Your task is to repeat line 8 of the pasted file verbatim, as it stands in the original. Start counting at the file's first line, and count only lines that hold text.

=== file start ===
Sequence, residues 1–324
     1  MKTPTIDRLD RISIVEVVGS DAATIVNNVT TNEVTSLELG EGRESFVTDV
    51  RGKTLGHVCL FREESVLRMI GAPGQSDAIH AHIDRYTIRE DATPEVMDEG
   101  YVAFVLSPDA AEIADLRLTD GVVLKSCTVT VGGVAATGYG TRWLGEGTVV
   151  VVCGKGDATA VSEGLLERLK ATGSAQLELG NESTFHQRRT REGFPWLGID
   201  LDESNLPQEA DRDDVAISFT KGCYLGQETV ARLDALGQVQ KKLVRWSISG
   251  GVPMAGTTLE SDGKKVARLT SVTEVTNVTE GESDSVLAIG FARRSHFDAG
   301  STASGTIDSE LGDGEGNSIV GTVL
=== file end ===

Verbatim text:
   301  STASGTIDSE LGDGEGNSIV GTVL